This is a really misleading chart. Given how important your topic is, perhaps there’s a better opening graphic?
Both axes stop well short of zero; the one on the right goes from 195 to 177 (I presume thousands) but makes it look like the numbers have dropped by 90%; on the left, the numbers halve, which says more about the price of oil than anything else.
This chart makes it look like a 1:1 correlation of workers to rigs changed to a 1:8. It also conflates industry employees with rig employees, and the number of rigs with production or profitability or literally any better measure.
The data in the chart says that staffing went down by 10% in the past two years, which is interesting, but not the catastrophe implied. For all we know, this is the result of firing a bunch of managers. (Side note: Zero Hedge is an extremely alarmist site; it’s hard to take them seriously. Let’s presume the data are at least accurate.)
Roughnecks are romantic. I understand— heck, they even got their own world-saving movie. But roughneck work is incredibly dangerous; it used to have one of the highest per-worker injury rates, but that number has been steadily dropping in the last few years (e.g., 38% reduction in 2015, the one I could find numbers for.) Automating this work means a better quality of life for a lot of people. No one misses the 3 hours a day that laundry used to take.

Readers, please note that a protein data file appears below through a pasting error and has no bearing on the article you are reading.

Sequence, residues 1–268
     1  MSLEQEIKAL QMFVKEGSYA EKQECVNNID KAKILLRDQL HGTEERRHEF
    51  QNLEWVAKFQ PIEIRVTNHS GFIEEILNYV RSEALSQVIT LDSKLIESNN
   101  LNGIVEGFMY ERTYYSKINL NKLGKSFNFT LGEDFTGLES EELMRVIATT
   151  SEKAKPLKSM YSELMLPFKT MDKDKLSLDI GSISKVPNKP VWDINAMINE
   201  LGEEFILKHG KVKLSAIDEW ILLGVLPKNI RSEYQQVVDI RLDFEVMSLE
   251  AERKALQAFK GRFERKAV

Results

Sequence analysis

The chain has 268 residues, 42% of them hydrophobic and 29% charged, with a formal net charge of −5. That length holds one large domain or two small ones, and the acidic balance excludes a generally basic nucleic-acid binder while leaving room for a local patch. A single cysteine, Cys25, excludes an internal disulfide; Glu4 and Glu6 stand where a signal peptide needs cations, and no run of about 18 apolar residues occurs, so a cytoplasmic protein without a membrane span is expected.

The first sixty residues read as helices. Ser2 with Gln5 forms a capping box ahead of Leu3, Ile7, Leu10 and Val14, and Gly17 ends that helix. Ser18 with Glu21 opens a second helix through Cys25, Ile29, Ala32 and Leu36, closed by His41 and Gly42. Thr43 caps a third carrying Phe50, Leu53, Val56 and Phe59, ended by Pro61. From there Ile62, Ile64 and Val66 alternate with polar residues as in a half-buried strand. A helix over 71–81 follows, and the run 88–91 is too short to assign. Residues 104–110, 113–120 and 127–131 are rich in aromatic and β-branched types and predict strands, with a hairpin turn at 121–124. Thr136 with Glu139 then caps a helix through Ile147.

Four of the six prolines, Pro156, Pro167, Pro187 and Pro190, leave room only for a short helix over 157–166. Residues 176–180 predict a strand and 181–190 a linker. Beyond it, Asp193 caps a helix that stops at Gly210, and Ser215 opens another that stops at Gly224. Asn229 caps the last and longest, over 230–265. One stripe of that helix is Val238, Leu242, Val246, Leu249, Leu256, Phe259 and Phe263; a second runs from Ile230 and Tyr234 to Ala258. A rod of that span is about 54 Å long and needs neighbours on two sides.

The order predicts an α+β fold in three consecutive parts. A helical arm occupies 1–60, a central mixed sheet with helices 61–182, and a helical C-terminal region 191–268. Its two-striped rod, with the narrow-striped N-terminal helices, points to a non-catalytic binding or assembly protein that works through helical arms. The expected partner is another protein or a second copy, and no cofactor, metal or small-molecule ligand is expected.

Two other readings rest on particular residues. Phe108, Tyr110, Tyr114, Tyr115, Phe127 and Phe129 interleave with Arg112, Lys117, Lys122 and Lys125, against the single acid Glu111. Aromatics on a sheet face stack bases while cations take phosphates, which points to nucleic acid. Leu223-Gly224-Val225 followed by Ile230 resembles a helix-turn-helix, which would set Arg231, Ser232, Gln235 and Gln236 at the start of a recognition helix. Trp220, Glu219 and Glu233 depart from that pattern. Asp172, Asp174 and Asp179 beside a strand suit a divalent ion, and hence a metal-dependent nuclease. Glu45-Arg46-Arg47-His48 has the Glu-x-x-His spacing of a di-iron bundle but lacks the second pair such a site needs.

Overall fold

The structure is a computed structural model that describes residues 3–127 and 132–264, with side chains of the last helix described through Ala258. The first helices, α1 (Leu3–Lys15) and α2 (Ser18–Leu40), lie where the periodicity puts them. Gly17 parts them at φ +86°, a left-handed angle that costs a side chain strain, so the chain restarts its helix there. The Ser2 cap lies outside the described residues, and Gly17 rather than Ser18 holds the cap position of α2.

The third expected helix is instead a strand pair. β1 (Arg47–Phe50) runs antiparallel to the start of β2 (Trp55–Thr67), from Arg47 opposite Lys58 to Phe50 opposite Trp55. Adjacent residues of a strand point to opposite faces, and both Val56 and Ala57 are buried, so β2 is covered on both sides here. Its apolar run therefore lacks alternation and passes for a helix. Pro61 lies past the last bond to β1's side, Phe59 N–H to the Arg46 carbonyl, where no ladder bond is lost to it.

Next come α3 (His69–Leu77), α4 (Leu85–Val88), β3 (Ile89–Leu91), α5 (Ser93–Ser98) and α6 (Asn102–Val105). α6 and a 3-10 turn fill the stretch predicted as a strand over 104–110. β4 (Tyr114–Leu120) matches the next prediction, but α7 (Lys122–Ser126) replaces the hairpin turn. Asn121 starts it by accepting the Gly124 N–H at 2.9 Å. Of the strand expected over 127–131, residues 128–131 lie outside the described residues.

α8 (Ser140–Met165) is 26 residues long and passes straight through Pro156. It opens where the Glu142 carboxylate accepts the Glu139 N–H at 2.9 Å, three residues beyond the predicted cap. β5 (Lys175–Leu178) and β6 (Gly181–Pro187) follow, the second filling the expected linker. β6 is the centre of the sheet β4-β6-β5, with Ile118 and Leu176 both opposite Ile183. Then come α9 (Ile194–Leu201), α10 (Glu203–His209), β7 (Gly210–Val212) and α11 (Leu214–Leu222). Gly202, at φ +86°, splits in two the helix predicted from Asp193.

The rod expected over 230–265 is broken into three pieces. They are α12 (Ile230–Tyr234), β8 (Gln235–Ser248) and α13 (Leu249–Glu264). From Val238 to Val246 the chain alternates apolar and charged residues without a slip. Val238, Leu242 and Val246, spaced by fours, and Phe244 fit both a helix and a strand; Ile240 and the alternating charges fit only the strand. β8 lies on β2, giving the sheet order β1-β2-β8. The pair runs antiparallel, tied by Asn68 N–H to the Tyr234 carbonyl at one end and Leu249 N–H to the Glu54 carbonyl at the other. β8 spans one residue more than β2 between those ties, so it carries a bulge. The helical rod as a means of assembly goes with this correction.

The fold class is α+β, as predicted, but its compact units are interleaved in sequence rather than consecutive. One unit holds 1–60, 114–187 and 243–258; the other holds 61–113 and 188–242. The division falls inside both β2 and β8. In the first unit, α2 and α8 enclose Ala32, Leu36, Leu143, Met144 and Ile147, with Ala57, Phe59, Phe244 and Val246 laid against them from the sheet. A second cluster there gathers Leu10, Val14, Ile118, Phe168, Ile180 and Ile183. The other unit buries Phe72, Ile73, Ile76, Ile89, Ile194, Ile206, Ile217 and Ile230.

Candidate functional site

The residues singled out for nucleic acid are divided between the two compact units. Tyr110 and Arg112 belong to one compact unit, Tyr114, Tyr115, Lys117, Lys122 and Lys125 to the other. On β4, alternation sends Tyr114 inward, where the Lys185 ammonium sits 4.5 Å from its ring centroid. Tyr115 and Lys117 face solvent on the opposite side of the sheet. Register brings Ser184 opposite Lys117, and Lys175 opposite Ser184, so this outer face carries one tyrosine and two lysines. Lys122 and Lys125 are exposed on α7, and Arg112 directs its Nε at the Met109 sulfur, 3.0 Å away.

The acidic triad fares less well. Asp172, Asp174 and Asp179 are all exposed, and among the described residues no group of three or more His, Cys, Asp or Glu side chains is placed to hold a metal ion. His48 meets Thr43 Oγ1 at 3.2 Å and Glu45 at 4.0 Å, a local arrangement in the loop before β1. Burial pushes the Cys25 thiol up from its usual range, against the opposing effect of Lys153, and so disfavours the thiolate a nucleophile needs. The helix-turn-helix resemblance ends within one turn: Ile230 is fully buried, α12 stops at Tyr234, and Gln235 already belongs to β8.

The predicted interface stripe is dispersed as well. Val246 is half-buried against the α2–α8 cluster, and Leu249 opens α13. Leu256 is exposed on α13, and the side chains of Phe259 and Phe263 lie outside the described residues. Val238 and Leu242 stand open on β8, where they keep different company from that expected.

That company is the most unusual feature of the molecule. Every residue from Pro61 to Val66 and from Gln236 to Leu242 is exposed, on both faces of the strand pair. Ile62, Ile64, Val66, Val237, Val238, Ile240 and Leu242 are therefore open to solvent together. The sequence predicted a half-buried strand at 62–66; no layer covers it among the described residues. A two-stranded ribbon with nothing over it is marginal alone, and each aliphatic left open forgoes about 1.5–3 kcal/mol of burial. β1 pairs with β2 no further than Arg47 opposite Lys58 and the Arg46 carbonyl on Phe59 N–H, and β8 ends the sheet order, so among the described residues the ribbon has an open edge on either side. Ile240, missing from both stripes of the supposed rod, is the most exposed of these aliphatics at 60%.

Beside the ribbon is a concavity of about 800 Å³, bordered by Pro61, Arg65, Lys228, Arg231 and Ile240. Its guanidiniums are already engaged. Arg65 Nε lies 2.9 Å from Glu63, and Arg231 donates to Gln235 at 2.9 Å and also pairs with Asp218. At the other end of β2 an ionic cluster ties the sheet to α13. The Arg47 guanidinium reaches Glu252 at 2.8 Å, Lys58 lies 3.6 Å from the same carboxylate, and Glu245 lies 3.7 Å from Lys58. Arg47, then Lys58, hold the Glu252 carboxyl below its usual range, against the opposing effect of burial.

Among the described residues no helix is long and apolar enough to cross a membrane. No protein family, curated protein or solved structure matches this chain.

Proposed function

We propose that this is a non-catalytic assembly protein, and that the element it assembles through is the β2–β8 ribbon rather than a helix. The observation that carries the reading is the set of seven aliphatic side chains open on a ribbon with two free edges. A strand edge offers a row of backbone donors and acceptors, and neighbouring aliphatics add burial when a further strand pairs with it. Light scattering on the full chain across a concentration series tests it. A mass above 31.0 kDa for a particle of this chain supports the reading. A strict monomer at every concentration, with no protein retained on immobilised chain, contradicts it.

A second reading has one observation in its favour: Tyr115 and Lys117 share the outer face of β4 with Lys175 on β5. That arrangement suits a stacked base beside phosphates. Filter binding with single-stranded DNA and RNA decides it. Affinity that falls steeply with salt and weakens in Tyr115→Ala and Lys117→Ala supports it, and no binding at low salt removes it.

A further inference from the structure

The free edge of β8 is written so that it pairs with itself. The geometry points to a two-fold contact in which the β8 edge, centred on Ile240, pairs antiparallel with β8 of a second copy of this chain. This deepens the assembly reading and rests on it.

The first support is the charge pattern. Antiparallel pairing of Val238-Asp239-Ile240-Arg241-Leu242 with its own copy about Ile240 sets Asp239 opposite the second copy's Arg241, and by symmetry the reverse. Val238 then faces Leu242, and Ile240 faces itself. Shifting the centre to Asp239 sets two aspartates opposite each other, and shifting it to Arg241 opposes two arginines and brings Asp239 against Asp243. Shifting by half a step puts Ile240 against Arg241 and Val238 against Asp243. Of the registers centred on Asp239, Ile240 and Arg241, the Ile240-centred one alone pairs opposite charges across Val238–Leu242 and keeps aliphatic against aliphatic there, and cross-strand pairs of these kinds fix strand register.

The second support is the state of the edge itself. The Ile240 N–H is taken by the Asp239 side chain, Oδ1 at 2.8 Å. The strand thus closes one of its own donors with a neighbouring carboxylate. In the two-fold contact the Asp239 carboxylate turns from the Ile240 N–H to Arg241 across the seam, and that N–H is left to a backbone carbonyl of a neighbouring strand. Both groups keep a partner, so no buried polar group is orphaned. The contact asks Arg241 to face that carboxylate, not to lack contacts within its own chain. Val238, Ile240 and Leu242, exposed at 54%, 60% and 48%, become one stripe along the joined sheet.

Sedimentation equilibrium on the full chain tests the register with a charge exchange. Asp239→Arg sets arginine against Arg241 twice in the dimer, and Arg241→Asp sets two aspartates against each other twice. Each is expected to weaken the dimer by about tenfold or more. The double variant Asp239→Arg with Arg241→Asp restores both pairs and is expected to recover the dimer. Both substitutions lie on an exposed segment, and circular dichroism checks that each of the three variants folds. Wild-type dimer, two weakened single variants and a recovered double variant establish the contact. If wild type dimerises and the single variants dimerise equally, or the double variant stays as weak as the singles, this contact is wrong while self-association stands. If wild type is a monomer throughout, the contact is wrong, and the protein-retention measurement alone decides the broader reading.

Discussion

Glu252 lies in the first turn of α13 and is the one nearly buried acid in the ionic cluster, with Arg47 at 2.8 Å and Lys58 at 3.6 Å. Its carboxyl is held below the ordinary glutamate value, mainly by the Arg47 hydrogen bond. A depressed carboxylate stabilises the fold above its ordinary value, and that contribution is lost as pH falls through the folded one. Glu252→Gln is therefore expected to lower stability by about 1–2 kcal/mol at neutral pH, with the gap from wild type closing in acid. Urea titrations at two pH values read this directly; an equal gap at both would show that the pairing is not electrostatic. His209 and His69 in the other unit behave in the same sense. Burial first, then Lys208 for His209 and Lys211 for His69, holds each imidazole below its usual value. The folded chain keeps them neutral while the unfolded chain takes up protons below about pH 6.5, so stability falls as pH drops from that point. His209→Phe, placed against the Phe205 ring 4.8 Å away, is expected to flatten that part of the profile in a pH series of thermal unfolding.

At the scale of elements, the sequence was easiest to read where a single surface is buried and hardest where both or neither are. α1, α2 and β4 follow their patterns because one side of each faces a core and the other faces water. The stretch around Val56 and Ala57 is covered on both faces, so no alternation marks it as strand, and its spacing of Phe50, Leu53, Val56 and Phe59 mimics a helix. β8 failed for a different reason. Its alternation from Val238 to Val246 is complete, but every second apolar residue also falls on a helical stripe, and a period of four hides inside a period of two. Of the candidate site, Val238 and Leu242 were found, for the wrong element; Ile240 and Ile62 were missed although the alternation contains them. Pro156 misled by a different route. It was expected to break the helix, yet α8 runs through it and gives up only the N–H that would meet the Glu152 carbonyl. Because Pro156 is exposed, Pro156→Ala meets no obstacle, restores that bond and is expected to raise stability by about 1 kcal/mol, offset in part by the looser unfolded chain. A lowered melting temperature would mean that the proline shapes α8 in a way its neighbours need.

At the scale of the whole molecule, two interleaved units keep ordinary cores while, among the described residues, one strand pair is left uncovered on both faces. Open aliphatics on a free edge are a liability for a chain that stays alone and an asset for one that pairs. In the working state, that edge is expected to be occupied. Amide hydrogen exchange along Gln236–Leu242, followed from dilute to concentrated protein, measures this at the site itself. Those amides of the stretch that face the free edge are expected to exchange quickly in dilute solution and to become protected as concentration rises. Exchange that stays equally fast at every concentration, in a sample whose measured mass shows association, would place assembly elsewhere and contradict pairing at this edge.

Why not question why companies refuse to hire full-time workers, and why 95% of new jobs since 2005 have been part-time or ‘gig’ jobs?
These sorts of economic pressures are pernicious and pervasive. It’s not automation — it’s deregulation.
I suppose you could still find a way to work AI or automation into the title to garner hits.